New Catholic Tridentine Rite Good Friday Prayer
- Created: April 6, 2008
- Written by Karl Lehmann
Unending Tension Is Not Possible
The Discussion of the Good Friday Prayer in the Jewish-Christian Dialogue
The Bishop of Mainz and recently retired chairman of the German Conference of Bishops, Cardinal Karl Lehmann offered this guest commentary in the Mainz Church Newspaper, Glaube und Leben ("Faith and Life"). Original available at: http://www.bistummainz.de/bistum/bistum/kardinal/ansprachen/ansprachen_2008/gul08/april.html. Unofficial translation.
In our media-driven society there repeatedly occur conflicts that shoot up like rockets and quickly crash to the ground. One then asks what their lasting effect has been. That is what comes to mind when in the Jewish-Christian dialogue one thinks about the current criticisms of the new formulation of the Good Friday Intercession.
The case is simple but has not been given sufficient attention: Pope Benedict XVI has with respect to the church liturgies in the extraordinary rite of 1962 (confusingly often called "Tridentine") prescribed a new text [of the prayer] for the Jewish people in the Good Friday Liturgy-in contrast to [that of] the renewed liturgy of the year 1970. In the German translation it reads [the German translation of this part of the prayer follows]: We pray for the Jews. That our God and Lord enlighten their hearts so that they recognize Jesus Christ, the Savior of all mankind." It is clear that with this the 1970 formulation will not be withdrawn and the now published version, without doubt, will be used exclusively in the extraordinary rite, which certainly is rarely used on Good Friday. Therefore, in the life of the Church the Prayer of 1970 will remain the standard. It reads unchanged in the common rite: [the German text follows:] Let us pray for the Jewish people, the first to whom Our Lord God spoke, that He may keep them in faithfulness to His covenant and the love of His name so that they will attain the goal to which His counsel guides them." Absolutely nothing will be changed here.
I do not want to leave any doubt: It is also my conviction that it would have been a better solution to use only the Intercession of 1970, which already existed in Latin translation, so that both versions could not be played against each other and so that in such a sensitive case there would be only one statement, one which has found great resonance.
But even if one regrets that there are two versions, there are now many interpretations that not only express misunderstanding but use choices of words that really make one wonder: "Ice Age," "Step Backwards," "Imposition," "Burden." Some Jews, as a consequence, withdrew their participation in the Catholic Day [event] in Osnabrueck. Even if one regrets the duality of the current Intercession, which endangers an unambiguous praying, many accusations are simply unfounded. I just cannot see, for example, a call even for an indirect mission to Jews. Not one iota is being taken away from the esteem for Judaism. One even goes so far as to speak officially that without "retracting the Good Friday Prayer one would not be able to have any more dialogue with the Catholic Church." Walter Cardinal Kasper, who is in charge of religious dialogue with Judaism, has said what is necessary with regard to these charges.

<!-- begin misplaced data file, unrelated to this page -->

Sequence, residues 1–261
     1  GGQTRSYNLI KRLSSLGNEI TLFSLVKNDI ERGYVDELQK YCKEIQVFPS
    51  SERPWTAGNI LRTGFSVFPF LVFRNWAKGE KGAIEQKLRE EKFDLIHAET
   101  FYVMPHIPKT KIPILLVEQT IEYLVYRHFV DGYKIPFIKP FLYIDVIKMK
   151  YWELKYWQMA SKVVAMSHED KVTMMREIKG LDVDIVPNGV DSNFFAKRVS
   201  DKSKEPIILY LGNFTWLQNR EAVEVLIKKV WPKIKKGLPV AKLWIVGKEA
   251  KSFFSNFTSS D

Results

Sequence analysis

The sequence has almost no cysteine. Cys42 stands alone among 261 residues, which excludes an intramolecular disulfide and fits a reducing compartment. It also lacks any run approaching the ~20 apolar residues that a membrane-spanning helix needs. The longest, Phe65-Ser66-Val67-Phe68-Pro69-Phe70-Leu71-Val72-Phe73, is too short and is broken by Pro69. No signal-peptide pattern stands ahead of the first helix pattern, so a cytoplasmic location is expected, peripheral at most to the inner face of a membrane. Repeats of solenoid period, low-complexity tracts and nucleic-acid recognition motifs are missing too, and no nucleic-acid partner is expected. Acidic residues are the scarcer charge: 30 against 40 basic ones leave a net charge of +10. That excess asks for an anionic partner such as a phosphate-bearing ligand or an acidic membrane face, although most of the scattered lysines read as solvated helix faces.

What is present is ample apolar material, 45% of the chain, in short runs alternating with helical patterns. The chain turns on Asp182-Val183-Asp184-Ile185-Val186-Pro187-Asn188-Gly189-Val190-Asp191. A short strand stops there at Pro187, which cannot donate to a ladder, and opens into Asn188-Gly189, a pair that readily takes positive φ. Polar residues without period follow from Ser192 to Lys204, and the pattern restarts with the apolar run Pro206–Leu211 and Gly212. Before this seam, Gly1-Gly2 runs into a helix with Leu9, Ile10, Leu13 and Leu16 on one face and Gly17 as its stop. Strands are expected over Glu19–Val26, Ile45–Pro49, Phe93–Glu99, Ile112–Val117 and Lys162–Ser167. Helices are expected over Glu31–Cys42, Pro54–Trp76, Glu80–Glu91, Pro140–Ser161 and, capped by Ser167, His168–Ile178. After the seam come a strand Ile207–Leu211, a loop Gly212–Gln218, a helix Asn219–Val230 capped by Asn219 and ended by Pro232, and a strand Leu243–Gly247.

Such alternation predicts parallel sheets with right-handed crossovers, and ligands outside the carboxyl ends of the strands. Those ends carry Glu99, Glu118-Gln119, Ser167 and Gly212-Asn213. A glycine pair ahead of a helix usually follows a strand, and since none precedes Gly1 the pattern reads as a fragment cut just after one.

It is shocking to me, how quickly and obviously uninformed are the attacks on the text. With calm and sober reflection some words would not have been allowed to be uttered. With this I not only refer mainly to the Jewish partners but also to those heated comments from Catholic and Protestant sides. In that regard one can agree with Cardinal Kasper who said that the displeasure was "mostly not rational but emotional." That this is even possible also shows how many fears and worries lie beneath the surface and how much one has to learn to deal with each other sensitively.
Because of this one has to ask all participants, in the future, not to get carried away by first impressions, but to trust the partner, even if some expressions cause difficulties. I would have wished for the use of the Intercession of 1970 in its Latin form for the extraordinary rite; but no less do I wish-having also been a participant in this dialogue for many decades-that, in times of crisis, one treats one another in a more reasonable manner. Such dialogue cannot be put under unending tension.